ZAGREB, December 21, 2018 – Investments and personal consumption will be the main levers of GDP growth in Croatia in 2019, when economic growth is expected to slow down from the current rate of 2.8% to 2.6%, it was said at a presentation of the latest Croatian Banking Association (HUB) publication on the most important economic and financial trends and expectations for 2019.
The previously forecast increase in real GDP of 2.7% for 2018 was raised by 0.1 percentage point at the end of the year, to 2.8%. Economists evidently expect some cushioning mechanisms to become active on the domestic market, with internal growth reserves awakening, the HUB publication says.
“In 2019, we expect GDP growth in Croatia to slow down mildly, to 2.6%. The pace of investment growth will determine the growth rate,” said Zagrebačka Banka chief analyst Hrvoje Dolenec, one of the six members of the HUB Chief Economists Club, made up of the chief economists of the six biggest banks active in Croatia.
Personal consumption will continue to be the main driver of economic growth in 2019, but the economists point to investments as the most important factor. Personal consumption is expected to grow by 3.1%, and investments by 6%, with investment growth estimates ranging from 3.6% to 6.7%.
Dolenec said that the very positive expectations regarding the state budget had been slightly shaken by the prospect of enforcement of state guarantees for the Uljanik shipbuilding group. So, instead of a small surplus this year, a slight budget deficit is expected but that does not significantly change Croatia’s fiscal status, which is still good and has a positive effect on how the country is viewed internationally, he said.
Dolenec believes that Croatia is likely to return to the investment rating.
As for investments in 2019, Dolenec mentioned revived activity in the construction sector, with companies in that sector being very optimistic about 2019.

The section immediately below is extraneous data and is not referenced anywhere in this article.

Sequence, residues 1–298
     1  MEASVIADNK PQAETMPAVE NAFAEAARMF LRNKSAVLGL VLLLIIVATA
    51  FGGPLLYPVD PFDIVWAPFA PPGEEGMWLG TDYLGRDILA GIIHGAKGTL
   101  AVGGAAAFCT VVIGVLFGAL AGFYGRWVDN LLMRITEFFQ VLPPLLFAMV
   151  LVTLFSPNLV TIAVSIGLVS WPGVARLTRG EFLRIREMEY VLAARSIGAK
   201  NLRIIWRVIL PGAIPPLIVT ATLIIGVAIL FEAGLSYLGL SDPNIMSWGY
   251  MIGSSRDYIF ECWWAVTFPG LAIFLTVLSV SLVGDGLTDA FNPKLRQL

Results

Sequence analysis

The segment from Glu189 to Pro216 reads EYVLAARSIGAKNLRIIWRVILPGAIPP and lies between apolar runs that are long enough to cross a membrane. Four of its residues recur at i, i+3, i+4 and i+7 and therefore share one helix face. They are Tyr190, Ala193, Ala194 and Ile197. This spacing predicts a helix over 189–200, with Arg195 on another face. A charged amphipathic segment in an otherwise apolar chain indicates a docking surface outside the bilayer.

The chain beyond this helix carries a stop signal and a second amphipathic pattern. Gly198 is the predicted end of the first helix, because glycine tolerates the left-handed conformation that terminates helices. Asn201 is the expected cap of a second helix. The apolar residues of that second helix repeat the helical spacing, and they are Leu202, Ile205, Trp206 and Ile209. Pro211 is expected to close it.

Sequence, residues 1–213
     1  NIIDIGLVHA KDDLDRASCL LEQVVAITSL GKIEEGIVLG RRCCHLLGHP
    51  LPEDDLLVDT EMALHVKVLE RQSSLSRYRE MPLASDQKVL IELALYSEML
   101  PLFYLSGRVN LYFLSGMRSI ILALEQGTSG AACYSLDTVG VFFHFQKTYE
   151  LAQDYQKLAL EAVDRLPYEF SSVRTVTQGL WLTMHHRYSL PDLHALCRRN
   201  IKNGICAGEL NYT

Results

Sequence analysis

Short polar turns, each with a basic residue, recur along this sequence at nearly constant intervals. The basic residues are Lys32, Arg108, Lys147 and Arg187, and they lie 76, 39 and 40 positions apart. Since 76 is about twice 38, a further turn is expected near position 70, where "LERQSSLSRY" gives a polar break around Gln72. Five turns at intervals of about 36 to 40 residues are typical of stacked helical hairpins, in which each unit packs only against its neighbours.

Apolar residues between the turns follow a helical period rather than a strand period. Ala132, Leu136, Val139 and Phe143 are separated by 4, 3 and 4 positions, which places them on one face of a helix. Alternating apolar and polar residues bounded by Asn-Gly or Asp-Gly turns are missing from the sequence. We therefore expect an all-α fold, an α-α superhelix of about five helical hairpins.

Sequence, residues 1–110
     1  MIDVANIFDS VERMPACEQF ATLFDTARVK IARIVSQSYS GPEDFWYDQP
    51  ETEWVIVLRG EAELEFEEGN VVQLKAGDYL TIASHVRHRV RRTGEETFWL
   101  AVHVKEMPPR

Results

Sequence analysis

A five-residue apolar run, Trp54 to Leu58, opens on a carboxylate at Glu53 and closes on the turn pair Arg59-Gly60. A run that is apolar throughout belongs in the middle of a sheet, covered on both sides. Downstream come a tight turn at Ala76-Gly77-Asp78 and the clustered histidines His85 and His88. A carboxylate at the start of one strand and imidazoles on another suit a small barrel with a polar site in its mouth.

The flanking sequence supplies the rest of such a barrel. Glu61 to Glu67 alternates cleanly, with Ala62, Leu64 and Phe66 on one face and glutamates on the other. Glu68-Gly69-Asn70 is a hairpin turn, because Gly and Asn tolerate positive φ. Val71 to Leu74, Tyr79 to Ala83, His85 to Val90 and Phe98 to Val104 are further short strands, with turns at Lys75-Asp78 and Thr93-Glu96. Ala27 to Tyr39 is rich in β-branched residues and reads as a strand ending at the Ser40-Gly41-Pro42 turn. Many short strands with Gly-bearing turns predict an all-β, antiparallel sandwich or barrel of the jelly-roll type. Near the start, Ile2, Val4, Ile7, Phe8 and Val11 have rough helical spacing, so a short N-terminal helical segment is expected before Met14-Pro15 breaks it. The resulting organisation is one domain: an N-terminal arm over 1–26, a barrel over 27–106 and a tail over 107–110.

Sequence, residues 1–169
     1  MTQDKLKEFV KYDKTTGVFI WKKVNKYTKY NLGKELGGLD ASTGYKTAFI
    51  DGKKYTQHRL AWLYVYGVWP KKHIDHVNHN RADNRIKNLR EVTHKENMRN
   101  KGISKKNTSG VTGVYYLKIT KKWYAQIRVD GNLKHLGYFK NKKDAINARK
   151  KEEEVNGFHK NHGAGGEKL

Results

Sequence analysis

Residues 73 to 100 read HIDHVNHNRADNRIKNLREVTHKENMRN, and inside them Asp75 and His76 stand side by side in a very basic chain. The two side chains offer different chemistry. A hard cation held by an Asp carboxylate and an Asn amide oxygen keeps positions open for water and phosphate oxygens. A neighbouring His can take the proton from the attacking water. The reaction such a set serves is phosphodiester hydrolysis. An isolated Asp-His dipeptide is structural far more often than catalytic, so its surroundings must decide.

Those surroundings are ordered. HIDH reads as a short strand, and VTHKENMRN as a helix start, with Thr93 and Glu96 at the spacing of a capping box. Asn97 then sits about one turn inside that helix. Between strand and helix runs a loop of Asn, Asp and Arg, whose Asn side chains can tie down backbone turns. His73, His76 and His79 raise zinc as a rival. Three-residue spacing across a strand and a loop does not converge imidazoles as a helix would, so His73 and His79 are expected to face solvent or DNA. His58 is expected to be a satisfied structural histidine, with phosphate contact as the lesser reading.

Dolenec also underlined EU funds and data from the Regional Development and EU Funds Ministry which shows that in the last two years the value of contracted projects to be implemented had increased 500%, but he warned that their fast implementation was crucial for GDP growth.
As for obstacles to growth in 2019, Dolenec underlined imbalances on the domestic labour market – a great demand for employment in some sectors on the one hand and on the other, insufficient labour supply, primarily in the tourism, IT and construction sectors, as well as in healthcare.
Analyst Velimir Šonje of Arhivanalitika said that the external risks that could slow down Croatia’s economic growth were protectionism, namely the lack of a trade agreement between the USA and China, oscillations on emerging markets, and the slowing down of China’s economic growth. Dependence on China is great around the world, and the slowdown in China can reflect on important exporters, which is why expectations in Germany, too, have been significantly revised, said Šonje.
HUB director Zdenko Adrović said that interest rates on loans had been declining for the past several years. Over the last three years, interest rates on housing loans have dropped from an average 5.7% to 3.45%, while interest rates on consumer loans have dropped from 6.5% to 5.6%. Another important group of loans, long-term corporate investment loans, have seen a drop in interest rates from 5.8% to 3.6%. “Those are favourable factors with which Croatia is entering 2019,” Adrović said.
More news on the GDP growth in Croatia can be found in our Business section.